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  #1 (permalink)  
Old March 6th, 2004, 04:08 AM
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Default File copy routine error!

I am writing a program that can duplicate a binary file.
However, the new file will hav extra byte (0xFF) at the end of new file. For example, original file (123.bin) contains 11 Bytes, the generated file (abc.bin) is 12 Bytes, because an extra 0xFF appended at the end of it. How to get rid of it?

123.bin: 6162631198F5BB77660061
abc.bin: 6162631198F5BB77660061FF


*******source code***************
#include <stdio.h>
#include <stdlib.h>

FILE *inFp;
FILE *outFp;

void main() {
    char inFilename[12];
    char outFilename[12];

    int inChar;

    printf("What is the name of the file you want to back up? ");
    gets(inFilename);

    printf("What is the name of the file ");
    printf("you want to copy %s to? ", inFilename);
    gets(outFilename);

    if ((inFp = fopen(inFilename, "rb")) ==NULL) {
        printf("\n\n*** %s does not exist ***\n", inFilename);
        exit(0);
    }

    if ((outFp = fopen(outFilename, "wb")) == NULL) {
        printf("\n\n*** Error opening %s ***\n", outFilename);
        exit(0);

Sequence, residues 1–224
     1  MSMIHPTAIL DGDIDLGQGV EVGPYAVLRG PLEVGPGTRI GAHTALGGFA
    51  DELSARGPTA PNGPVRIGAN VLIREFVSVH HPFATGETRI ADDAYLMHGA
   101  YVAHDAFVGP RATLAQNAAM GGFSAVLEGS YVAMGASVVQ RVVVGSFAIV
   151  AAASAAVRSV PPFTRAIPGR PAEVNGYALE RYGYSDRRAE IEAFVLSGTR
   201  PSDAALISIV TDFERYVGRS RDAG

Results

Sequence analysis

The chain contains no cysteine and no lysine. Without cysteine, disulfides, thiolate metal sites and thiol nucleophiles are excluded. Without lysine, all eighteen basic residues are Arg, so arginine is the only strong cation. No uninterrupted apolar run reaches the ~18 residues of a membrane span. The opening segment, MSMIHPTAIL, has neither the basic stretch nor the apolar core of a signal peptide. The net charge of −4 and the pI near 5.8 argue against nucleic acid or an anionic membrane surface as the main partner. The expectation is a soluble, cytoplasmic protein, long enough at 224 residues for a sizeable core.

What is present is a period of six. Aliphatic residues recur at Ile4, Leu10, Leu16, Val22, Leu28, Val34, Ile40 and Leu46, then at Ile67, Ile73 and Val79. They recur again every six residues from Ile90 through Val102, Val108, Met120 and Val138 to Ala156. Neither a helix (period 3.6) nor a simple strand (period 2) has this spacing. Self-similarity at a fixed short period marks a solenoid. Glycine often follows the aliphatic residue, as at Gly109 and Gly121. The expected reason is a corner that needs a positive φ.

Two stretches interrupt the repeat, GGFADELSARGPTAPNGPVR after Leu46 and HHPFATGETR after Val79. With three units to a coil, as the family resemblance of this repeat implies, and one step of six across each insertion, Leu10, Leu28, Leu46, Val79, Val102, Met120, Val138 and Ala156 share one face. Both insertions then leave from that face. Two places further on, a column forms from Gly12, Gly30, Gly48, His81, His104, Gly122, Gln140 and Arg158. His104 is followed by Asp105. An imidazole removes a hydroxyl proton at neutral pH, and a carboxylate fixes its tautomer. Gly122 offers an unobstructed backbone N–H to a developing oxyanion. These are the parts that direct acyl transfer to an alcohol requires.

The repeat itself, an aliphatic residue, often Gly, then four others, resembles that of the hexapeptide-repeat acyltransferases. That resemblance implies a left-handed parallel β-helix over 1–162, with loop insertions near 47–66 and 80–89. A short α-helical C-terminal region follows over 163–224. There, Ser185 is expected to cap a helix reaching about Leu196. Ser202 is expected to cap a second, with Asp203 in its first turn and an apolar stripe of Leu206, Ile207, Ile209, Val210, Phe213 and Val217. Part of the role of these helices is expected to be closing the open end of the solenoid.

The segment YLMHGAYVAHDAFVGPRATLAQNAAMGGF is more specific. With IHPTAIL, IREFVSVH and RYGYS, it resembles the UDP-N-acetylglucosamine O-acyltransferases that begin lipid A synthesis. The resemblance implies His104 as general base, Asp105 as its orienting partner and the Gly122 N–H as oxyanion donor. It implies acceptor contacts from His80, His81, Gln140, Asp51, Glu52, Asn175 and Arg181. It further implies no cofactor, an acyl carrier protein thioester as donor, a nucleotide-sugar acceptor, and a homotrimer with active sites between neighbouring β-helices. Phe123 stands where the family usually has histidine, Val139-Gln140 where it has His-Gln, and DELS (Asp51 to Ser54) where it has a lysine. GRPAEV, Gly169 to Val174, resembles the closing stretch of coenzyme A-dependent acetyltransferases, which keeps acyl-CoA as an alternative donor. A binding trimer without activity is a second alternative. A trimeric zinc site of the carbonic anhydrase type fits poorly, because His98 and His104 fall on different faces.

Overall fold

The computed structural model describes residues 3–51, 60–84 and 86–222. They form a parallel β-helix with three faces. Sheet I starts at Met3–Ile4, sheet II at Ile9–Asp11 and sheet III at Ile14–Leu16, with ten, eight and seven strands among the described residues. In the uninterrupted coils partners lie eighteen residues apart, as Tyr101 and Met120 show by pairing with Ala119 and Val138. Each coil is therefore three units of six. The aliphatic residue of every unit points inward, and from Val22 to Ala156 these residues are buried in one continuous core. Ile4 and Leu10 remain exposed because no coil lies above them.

}

    printf("\nCopying...\n");

    while (!feof(inFp)) {
        inChar = getc(inFp);
        putc(inChar, outFp);
    }

    printf("\nThe files are copied.\n");

    fclose(inFp);
    fclose(outFp);
}

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  #2 (permalink)  
Old March 10th, 2004, 12:24 PM
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Default

That is true. I had this problem too.
And there is an other problem,
let's say you have the file1 and copy the contents to file2.
The size will be, 11 and 12 bytes respectively.
Now, if you copy file2 to file1, the sizes will be 12 and 13 bytes and so on.....
Maybe garbage in memory!
I'm working on it!

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  #3 (permalink)  
Old March 10th, 2004, 02:20 PM
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Default

Here's a suggestion: whenever you get a result you don't understand, use printf() to troubleshoot.

For example, use something like
Code:
printf("Debug: inChar = <%02X>\n", inChar);
after the line that reads a byte from the file.

If this doesn't tell you something (that is, if you don't understand,
what it tells you) get back to us.


printf() is your friend.


Regards,

Dave
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  #4 (permalink)  
Old March 13th, 2004, 02:41 PM
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Default

As Dave said, printf() is better solution.

   printf("\nCopying...\n");

    while (!feof(inFp)) {
        inChar = getc(inFp);
        printf("\nThe %i item of file1 : <%02X>\n",i, inChar);

        putc(inChar, outFp);
        printf("The %i item of file2 : <%02X>\n",i, inChar);*/
        i++;
    }

But the problem exists. If you trace the chars with this source code, by making file1 empty, you will see, by copying to file2, that there is an <FFFF> Try it!

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